Radar | Jan 19,2019
Jennet Lemma, who is among the 50 African innovators highlighted in the September online edition of UNDP Regional Bureau for Africa's magazine, was born and raised in the capital. The second eldest of five siblings, Jennet grew up in a hardworking family of businesspeople and related that she began working and earning her keep from a young age.
An entrepreneur who is engaged in the local textile manufacturing industry, Jennet graduated from high school at Lycée Guebre-Mariam and went on to attend university in the United States. She enrolled at Georgia State University in Atlanta, Georgia and matriculated with a bachelor's of business administration in accounting.
Before returning to Addis, she spent 12 years in the United States and gained valuable experience as an employee of a financial institution there. Ultimately, she decided to come back to Ethiopia, stating that she felt out of place in the United States and wanted to use her knowledge and experience to make an impact here in her home country.
“It's my dream and will always be my dream to find happiness in positively changing the lives of people both socially and financially," she said. "While I was working in the United States, what killed me every day was finding myself in a place where I didn’t belong."
In 2016, Jennet founded Gaber Garment, a textile company with a focus on empowering women. With the “Sewed with Passion for You” motto, Gaber Garment employs about 102 workers -- 77 of whom are permanent and 25 temporary. Almost all employees are women.
Gaber Garment, which is located in Kebena near Sandford International School, has been engaged in the production of a variety of textile products, including casual clothing, uniforms and recyclable shopping bags, when the global Novel Coronavirus (COVID-19) pandemic hit.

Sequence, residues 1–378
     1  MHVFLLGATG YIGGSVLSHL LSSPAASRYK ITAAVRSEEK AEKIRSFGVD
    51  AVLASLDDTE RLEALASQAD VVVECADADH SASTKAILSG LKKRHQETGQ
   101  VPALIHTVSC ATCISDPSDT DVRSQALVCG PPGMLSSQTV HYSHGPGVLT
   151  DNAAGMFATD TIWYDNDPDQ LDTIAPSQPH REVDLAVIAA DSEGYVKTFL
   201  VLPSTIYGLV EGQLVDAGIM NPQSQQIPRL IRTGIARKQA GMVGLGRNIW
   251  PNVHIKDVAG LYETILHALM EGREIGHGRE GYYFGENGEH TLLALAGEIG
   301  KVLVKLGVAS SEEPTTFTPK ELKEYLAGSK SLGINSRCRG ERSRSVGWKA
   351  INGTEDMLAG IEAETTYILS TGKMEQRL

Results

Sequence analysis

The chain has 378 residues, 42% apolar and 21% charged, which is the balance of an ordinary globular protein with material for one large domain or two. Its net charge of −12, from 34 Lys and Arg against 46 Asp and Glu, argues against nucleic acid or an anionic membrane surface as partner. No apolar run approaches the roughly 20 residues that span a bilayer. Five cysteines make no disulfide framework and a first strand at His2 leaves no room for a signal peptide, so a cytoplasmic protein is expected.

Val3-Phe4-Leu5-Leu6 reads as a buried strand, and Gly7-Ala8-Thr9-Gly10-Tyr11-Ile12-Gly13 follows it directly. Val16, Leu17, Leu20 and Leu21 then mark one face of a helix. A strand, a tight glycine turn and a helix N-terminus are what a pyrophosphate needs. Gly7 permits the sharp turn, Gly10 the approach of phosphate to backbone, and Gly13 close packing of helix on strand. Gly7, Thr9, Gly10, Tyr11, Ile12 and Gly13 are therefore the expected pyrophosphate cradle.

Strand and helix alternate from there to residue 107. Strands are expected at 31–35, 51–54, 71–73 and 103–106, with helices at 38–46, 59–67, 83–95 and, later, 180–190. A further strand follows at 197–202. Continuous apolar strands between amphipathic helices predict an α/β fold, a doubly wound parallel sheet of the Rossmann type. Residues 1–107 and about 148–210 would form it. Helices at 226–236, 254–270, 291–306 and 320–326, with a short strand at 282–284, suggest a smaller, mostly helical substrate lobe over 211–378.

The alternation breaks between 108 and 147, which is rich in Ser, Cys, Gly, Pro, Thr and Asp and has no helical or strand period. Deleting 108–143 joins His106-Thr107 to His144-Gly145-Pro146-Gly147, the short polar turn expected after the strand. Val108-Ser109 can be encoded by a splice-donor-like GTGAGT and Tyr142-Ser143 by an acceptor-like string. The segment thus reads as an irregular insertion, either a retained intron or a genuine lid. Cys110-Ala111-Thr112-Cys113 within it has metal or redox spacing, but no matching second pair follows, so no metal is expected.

“It has always been my interest to be engaged in something that has a social impact,” says Jennet, who adds that in the first months of COVID-19, she had the idea of manufacturing personal protective equipment (PPE) in the form of face masks.
She discussed the idea with her colleagues before jumping into the production of PPE.
After the discussion, the first thing she and her colleagues did was carry out market research and make plans on reaching out to the Ministry of Health for support in receiving a license to produce face masks and PPE to fight COVID-19, according to Jennet.
After assessing these things, her company wrote a letter to the Ministry of Health, inviting them to come and visit her workshop and, afterwards, to permit them to manufacture PPE.
Gaber Garment was able to secure a production license after fulfilling standards set by the Ethiopian Food & Drugs Authority for the certification process for the production and sale of cloth face masks.
The company now produces 5,000 to 10,000 uniquely embroidered face masks a day. Though the price for the masks varies depending on the design, the average price for one mask is 25 Br. Most of their customers are banks, insurance companies and private companies.
“We participate in charity through different associations and organisations by donating face masks to the vulnerable members of the community who can’t afford to buy them,” Jennet said.
COVID-19 is something Jennet takes very seriously, stating that she takes great care to follow all instructions put forward by the Ministry of Health.
“Of course I'm afraid of COVID-19," she said. "It's an easily transmissible virus that can take a life in just a matter of days."
Gaber Garment is among the 12 small and mid-sized enterprises (SMEs) in Ethiopia with which the Mastercard Foundation has partnered. The Foundation has pledged to provide 3.2 million dollars in financial support to help the enterprises hold on to their employees. The Foundation also aims to aid these businesses in the repurposing of factories and in renting unused equipment and basic textile machines to be used in the manufacturing of PPE.
Mastercard Foundation supports Gaber Garment as part of its COVID-19 Recovery & Resilience Programme that assists institutions and communities in Africa to withstand and respond to the short-term impacts of the pandemic while strengthening their resilience in the long run, according to Alemayehu Konde Koria, country head for Mastercard Foundation Ethiopia.